How Microsoft’s affordable Kinect video game system is changing the world of advanced robotics
A sudden gust of wind blew a six-bladed, remote-controlled helicopter over a white bus half buried in bricks and busted slabs of concrete. Jimmy Tran, a Ryerson University doctoral candidate, scrambled at the multi-levered controls as the device shot toward the horizon. “I had to land it as fast as possible,” he says. “ I didn’t want to hit power lines or cars.”
Despite his efforts, the hexarotor, now a mess of shattered blades and smashed chip boards, sits among the piles of electronics at Ryerson’s Network-Centric Applied Research Team’s (N-CART) lab. “That’s 5,000 bucks, another 1,000 for the parts to repair, plus man hours,” says Alex Ferworn, who oversees N-CART. But it could have been much worse—if not for one piece of hardware cradled under the helicopter. Ferworn’s group uses robots and computers to help search and rescue, bomb disposal and crime scene investigation teams. The day the chopper crashed they were testing a new technique to map rubble using a 3-D scanner that generates images to help rescuers.
And that scanner did not cost tens of thousand of dollars, like the scanners on most unmanned aerial vehicles (UAVs). It cost $150, and it came from a Microsoft Kinect video game.
It’s the crumpled piece of hardware that was left hanging under the chopper at the crash site, and it saved the project simply because it is so cheap to replace. “Something that costs 150 bucks, we’ll laugh about it. It’s change,” says Ferworn. Now, he says, the only lasting result of the gust of wind, aside from a few costly repairs, is that everyone is calling Jimmy, the pilot, “Crash.”
Scenes from the dying days of the protest in St. James Park
Portrait of an accused predator
Years before Col. Russell Williams was an accused double murderer, he was a rookie instructor at the Canadian Forces flying school in Portage la Prairie, Man. He was such a standout in the cockpit that his boss, Major Greg McQuaid, selected him for the farewell flight of “Musket Gold,” a now-defunct air force demonstration team that peaked in the 1970s. “I handpicked him because of his skill,” McQuaid told Maclean’s. “I knew he would do a good job. I liked the guy, he was sharp, and he had all the characteristics of a good military officer and a good pilot.”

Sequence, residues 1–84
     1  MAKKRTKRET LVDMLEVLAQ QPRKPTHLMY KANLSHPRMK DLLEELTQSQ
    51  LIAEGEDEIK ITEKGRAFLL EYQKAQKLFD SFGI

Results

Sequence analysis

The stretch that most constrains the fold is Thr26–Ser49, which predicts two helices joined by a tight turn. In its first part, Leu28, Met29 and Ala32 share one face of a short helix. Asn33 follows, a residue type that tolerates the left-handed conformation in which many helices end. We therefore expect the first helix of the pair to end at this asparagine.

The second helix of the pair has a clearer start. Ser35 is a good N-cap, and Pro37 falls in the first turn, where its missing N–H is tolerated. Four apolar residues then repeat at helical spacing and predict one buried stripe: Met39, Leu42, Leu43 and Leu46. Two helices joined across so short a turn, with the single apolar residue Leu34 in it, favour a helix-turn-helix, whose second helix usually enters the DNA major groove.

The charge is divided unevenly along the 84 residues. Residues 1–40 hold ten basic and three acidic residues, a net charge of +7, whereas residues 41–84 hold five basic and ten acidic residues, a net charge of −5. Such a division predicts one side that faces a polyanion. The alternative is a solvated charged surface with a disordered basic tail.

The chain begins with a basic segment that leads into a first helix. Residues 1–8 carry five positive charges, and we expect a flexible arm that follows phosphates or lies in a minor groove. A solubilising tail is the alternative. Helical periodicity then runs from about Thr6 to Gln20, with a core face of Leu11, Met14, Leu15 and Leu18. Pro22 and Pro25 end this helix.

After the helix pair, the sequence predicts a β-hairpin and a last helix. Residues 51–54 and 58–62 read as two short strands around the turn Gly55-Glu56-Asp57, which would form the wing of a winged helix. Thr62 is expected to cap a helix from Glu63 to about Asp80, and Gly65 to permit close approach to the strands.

It was 1992, and the four-man team spent two months training for the big finale, practicing turns and formations in their bright yellow, single-engine TC-134s. Musket Gold’s last hurrah was captured on VHS video, and it was Russ Williams, then a young lieutenant, who edited the footage, added some background music, and gave it to his fellow flyers as a keepsake. When McQuaid first heard about the shocking charges against his old friend—two counts of first-degree murder and two counts of sexual assault—he immediately thought of that old VHS tape. “He showed no indication that he could do something like this—zero, absolutely none,” he says. “He fit in well and got along well with everybody, and was respected by everybody.”
Shale gas could one day replace coal in power plants and gasoline and diesel for cars and trucks